How To Bring Wall Street Into Crypto? Build Better ‘Piping,’ Says Talos CEO
If Wall Street is to be enticed into crypto, firms need tools that better connect them to trading opportunities that are similar to the tools they use on capital markets.
The digital asset space has been abuzz with interest from traditional financial institutions (TradFi) for months as the big players of Wall Street reevaluate it as a solid and lucrative asset class. To make the most of the rewards from this sector, however, TradFi firms need the right applications to get involved, according to Talos CEO Anton Katz.
In an interview with Decrypt, Katz said that financial firms like banks and hedge funds are looking for tools that let them lock in the best price with the lowest risk attached. To help clients do this, Katz said he sees Talos’ role as creating the “piping” that better connects these firms with liquidity with tools familiar to them in capital markets.
“It’s not a very sexy thing to say with investors, but that’s how we think about it,” Katz told Decrypt. “We build the piping, and then we build the layer on top of it.”
Building connections between digital and traditional financial markets is a natural fit for Katz, an MIT-trained engineer who held executive positions at AQR Capital Management and Broadway Technology. In 2018, Katz and his Broadway colleague Ethan Feldman founded Talos as a trading platform that would connect institutional investors with digital asset trading opportunities.
Building the plumbing for clients is necessary, Katz said, as the digital asset space undergoes what he says is an “institutionalization of the entire marketplace” in the wake of high-profile failures like Terra and FTX—on top of heightened scrutiny from regulators.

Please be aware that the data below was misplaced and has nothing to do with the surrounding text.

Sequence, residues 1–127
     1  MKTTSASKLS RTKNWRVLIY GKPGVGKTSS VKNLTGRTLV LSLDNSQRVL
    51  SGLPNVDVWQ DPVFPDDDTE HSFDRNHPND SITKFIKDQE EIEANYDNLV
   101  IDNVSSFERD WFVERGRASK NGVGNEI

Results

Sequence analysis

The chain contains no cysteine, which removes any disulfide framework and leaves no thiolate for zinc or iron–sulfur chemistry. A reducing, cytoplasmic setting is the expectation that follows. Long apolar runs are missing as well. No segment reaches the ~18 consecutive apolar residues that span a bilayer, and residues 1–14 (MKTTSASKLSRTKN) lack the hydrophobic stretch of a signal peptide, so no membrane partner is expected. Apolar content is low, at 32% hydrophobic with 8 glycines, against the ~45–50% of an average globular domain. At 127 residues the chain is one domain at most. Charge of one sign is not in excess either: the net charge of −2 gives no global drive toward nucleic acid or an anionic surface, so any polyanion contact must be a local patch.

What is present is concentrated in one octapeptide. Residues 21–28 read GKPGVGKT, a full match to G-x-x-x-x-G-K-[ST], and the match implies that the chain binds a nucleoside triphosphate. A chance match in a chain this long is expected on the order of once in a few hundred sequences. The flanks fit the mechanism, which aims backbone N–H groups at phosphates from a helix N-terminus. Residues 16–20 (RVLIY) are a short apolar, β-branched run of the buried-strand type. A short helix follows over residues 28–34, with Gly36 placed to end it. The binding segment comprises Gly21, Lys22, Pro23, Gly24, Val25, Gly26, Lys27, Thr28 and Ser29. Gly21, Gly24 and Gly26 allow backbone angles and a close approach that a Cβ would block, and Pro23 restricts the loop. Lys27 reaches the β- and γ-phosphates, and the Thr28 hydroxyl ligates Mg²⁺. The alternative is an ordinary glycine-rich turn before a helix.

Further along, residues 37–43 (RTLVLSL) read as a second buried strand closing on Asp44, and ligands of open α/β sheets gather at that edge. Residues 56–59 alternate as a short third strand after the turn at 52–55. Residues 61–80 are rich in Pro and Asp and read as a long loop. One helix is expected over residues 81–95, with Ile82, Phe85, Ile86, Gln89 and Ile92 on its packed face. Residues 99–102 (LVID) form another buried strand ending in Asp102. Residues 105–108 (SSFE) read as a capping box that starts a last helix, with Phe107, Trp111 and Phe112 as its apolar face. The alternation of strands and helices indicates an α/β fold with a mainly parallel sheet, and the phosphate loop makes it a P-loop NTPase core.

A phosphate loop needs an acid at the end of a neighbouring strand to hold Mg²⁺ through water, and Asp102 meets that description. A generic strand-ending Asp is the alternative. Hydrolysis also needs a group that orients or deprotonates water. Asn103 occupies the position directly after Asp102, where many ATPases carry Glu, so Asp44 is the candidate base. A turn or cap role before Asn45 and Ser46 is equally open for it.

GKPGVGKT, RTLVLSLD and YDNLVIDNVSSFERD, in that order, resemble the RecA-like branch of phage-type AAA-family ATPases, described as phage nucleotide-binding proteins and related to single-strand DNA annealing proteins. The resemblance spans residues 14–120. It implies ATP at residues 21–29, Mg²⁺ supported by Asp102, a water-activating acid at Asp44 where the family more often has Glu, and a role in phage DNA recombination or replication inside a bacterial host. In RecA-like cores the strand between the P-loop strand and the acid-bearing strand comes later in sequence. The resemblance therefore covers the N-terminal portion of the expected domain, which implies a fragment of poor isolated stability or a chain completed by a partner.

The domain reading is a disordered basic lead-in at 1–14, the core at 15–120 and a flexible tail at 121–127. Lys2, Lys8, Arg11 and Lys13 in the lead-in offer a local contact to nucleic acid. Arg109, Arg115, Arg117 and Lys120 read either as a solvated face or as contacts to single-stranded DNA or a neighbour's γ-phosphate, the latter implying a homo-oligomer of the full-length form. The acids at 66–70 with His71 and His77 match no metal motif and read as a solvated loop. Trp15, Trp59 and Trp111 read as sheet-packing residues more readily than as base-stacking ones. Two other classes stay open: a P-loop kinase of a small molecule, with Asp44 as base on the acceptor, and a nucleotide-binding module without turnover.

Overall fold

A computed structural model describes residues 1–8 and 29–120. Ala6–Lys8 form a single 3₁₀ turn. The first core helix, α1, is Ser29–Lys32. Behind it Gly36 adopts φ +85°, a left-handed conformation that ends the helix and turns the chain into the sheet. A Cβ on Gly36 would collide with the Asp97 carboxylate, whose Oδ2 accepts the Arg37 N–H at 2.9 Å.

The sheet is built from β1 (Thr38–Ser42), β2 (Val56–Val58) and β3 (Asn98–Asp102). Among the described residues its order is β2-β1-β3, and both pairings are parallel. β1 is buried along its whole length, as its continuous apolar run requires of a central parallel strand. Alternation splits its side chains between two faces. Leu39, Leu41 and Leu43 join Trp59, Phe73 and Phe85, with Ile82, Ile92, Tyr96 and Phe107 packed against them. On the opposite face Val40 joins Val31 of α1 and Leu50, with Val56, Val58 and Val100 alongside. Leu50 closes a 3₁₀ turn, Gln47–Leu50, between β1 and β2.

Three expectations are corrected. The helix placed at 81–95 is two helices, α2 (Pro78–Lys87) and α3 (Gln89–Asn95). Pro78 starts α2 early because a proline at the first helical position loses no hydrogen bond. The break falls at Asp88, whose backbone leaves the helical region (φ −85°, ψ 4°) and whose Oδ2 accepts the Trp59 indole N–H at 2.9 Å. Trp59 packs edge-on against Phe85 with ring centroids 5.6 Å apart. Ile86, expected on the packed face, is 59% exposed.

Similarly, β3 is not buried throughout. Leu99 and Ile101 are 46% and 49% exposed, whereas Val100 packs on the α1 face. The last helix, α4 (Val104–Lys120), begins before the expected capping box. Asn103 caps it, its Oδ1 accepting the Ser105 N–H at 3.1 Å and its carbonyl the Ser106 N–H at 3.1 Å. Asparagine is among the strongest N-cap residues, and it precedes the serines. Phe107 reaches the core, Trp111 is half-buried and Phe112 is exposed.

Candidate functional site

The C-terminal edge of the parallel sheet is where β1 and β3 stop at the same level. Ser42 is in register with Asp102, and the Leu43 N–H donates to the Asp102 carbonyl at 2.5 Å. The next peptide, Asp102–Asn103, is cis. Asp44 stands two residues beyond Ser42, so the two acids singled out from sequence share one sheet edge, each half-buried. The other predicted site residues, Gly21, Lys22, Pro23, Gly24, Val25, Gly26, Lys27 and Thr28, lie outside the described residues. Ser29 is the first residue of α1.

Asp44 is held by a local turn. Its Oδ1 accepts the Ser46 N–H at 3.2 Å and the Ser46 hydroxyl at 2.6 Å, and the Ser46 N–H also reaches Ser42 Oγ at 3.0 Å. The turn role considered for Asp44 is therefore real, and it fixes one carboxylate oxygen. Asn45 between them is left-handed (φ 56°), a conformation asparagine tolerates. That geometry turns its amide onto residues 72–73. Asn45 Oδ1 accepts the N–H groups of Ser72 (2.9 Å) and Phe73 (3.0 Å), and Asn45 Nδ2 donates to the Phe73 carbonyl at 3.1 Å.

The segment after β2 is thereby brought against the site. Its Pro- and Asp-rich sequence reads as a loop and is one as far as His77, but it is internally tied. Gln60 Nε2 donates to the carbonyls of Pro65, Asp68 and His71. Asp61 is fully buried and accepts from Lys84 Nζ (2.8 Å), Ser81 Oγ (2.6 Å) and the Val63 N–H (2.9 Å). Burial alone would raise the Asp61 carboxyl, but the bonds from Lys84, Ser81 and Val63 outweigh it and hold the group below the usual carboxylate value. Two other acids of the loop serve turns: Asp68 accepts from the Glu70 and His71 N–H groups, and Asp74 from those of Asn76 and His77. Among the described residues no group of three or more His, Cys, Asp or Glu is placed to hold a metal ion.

Some of the protections institutional investors want to see before participating in crypto already have parallels in the markets in which they’re used to operating that can be imported, he said.
“We’ve seen these kinds of events that have people at some point say, ‘We need a lot more protection here,'” said Katz. “Well, the capital market side actually does that pretty well because it’s years of bad things that happened that created an ecosystem of safeties and all that kind of stuff.”
For years, TradFi firms were cautious about crypto markets, be it for the uncertainty that came with its wild market swings or to avoid falling afoul of regulators. For Talos’ clients, the platform offers connections to its wide network of service providers that includes big players like Coinbase and Kraken to help assuage these worries.
Yet, for all the travails seen in crypto recently, there is an enduring sense on Wall Street that it still holds rewards to be gained. In June, BlackRock, the world’s largest asset manager, filed an application for a spot market Bitcoin exchange-traded fund, and it was quickly followed by others.
For its part, Talos announced a partnership with Wall Street-backed cryptocurrency exchange EDX Markets in July to connect the latter’s clients through a front-end system to access Talos’ network providers.
Despite the perception that crypto is in a “down market,” Katz said that this is an ideal time to double down on creating the market infrastructure needed to incentivize more institutional players to join. As evidence, he said Talos has increasingly seen more interest in its platform from sell-side firms like banks—players that he said “only enter the domain when there’s underlying demand.”
With the “huge positive sign” presented by the recent ETF filings, Katz said it is his view that there is widespread recognition that the demand for digital assets is not going away.
“It’s a young market, it’s evolving, but everything we see right now is pointing out that it is going to be a pretty big contender inside the institutional landscape,” said Katz.